Don’t believe me? Just try transgressing one.

Humanities, the counter-culture, and scientism–thoughts on Leon Wieseltier

I recently read the New Republic’s literary editor’s commencement address to Brandeis. Leon Wieseltier bemoans the current state of the humanities in American life and education:

Has there ever been a moment in American life when the humanities were cherished less, and has there ever been a moment in American life when the humanities were needed more?

He complains that as a society we have inclined to a narrow, instrumentalist reason and intellectual effort—the reason of mere technology or cost/benefit analyses:

The technological mentality that has become the American worldview instructs us to prefer practical questions to questions of meaning – to ask of things not if they are true or false, or good or evil, but how they work. Our reason has become an instrumental reason, and is no longer the reason of the philosophers, with its ancient magnitude of intellectual ambition, its belief that the proper subjects of human thought are the largest subjects, and that the mind, in one way or another, can penetrate to the very principles of natural life and human life.

Who’s to blame?

He is quite right, of course. On the other hand, I think he ignores that the humanities themselves (or at least some prominent voices within them) deserve the lion’s share of the blame for the current state of affairs.

For example, Wieseltier is displeased that reason and philosophy don’t care about larger questions of morality, good and evil, truth or falseness. Fair enough. And yet, the post-modernism that has gripped so much of the academy has declared such questions to be pointless, unanswerable, meaningless, and amusingly naïve.

Instead, we’re treated to the lit-crit theories of various French post-modernist philosophers. No text has any meaning save that which we impose upon it. In that kind of environment, figuring out whether something is true and good becomes a senseless enterprise. All discourse devolves into mere political maneuvering for power. And so, for example, if dead white men wrote the texts and thus controlled the discourse, now it is time to impose a feminist reading of the texts, or an anti-neo-colonialist reading, or a gay rights reading, even if such concerns were completely foreign to the time, place, and authorship of the texts. And, woe betide you if you suggest that such alternative readings might be every bit as much grabs for power as the ones they are attacking.

Even things as clear-cut as physics are declared by some to be nothing but a type of cultural hegemony, a socially-constructed narrative that privileges the western, white, male view of the world. (Science is affected by social factors, of course, but if you’re arguing that things like Newton’s laws or Maxwell’s equations are no more true in an absolute sense than anything else, is it any wonder that the humanities are not generally competent to address matters of Truth and the Good life?)

A pleasant counter-example

To be sure, there are beacons of hope. I took one class from Patricia Demers of University of Alberta, then chair of the English department—short poetry in the Renaissance. Here was a class where you actually had to support your views from the text and historical period of the poem, where “what this means to me” did decidedly not fly, and where a casual Freudian interpretation would get shot down as absurd nonsense.

That it happened was refreshing—but, you could tell from the expression on my humanities-major classmates’ faces that they were not used to this level of discourse. We were all expected (along with the professor) to nod sagely at such “reader response” or Freudian impositions.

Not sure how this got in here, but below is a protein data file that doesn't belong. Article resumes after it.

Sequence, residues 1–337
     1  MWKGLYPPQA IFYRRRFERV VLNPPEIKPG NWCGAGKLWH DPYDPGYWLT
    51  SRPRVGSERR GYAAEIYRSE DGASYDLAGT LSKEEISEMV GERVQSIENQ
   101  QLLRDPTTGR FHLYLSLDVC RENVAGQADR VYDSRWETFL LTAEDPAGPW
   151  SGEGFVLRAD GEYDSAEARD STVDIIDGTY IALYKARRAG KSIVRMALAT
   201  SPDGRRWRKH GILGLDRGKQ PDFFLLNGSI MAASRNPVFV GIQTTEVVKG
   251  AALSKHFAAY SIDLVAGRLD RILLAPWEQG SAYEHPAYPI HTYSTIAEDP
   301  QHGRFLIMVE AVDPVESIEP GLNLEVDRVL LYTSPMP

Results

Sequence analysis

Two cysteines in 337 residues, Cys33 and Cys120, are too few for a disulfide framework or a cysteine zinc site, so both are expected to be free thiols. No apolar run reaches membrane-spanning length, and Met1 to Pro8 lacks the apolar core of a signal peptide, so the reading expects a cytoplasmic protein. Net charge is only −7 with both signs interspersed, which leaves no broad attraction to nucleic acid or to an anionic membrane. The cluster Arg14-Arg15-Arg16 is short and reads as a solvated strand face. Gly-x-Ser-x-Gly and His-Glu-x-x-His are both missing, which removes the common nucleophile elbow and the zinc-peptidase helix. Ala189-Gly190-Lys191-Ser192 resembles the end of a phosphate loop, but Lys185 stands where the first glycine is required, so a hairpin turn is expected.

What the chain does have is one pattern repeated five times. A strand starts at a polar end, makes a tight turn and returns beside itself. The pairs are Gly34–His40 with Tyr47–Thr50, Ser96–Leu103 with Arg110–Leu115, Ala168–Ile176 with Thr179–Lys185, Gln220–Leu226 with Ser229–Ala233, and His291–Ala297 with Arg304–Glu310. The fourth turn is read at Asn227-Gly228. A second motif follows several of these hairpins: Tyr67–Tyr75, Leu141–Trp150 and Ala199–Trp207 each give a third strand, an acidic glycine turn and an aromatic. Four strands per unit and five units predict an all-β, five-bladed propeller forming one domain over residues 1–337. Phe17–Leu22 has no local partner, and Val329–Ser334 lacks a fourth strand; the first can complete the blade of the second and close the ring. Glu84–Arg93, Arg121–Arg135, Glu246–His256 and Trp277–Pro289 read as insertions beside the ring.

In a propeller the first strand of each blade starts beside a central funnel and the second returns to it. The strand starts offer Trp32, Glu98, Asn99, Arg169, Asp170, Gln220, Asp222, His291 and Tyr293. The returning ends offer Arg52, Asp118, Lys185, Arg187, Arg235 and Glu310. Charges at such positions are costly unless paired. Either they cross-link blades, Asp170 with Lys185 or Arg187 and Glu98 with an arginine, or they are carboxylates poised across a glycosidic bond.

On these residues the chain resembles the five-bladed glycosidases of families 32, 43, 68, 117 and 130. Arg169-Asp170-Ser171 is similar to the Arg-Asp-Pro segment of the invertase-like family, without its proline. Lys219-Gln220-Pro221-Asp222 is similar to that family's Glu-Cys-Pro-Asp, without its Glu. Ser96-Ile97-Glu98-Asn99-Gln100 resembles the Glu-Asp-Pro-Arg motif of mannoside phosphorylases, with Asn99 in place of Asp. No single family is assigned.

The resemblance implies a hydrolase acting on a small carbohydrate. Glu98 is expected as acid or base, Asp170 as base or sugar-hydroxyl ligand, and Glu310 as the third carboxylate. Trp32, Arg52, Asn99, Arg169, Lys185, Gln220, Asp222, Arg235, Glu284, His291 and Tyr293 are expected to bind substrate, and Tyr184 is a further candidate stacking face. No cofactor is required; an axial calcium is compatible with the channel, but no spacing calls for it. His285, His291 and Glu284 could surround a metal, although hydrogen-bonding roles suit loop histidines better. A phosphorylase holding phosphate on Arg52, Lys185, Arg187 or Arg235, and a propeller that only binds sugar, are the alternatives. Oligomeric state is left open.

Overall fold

That they were surprised and a bit disgruntled when called on such stuff was telling.

I was, ironically, better at it than they were because my background was in science, where the rejection or acceptance of hypotheses was (at least in principle) conditioned only upon the evidence, and a rigorous attempt to disprove an idea was a key part of the process.


Weseltier’s jeremiad against scientism—a philosophical stance that reifies scientific thinking as the be-all and end-all, without the epistemological humility that characterizes true science—is also well-placed. (Scientism is characteristic of the philosophically inept New Atheists, for example.)

But again, what did he expect to happen? Physics and medicine and Google and technology simply work—and yet, the severe cultural relativists that have gripped much of the humanities seem oblivious to the implications. Unsurprisingly the culture (and even their students) have by and large rolled their eyes and texted, “Whatever.”

I would love to see a revival and increased respect accorded the humanities. But, to accomplish that, I think they need to go backward a bit to go forward—in the same sense (as CS Lewis was wont to put it) that going backward to start over on a mathematical sum that you’ve gotten wrong is the best way of making progress (rather than beavering onward with the mistake unacknowledged or uncorrected).

The humanities need, in a sense, to go back to Socrates—back to a serious, intellectually rigorous, fearless reflection on what makes the Good Life. They need a conviction that that is a question that reason can, if not definitively answer, at least cast reliable light upon. Some things can be clearly ruled out as part of the Good life—some things are, to be blunt, Evil.

Not just Evil “from a certain point of view,” not just Evil in cultural context, but honest-to-goodness, clear-cut, Evil. Yet that kind of conclusion is the sort that has been made exceedingly difficult to come to. Even to suggest that there is some type of constant, universal “human nature,” as opposed to a malleable social animal, is to court disaster.

And, for any such declarations or tentative conclusions about Evil to be convincing, such Evils need to be found not just (or even primarily) in the standard whipping boys of the contemporary academy—the well-worn targets of the patriarchy, or colonialism, or racism, or homophobia, and all the rest.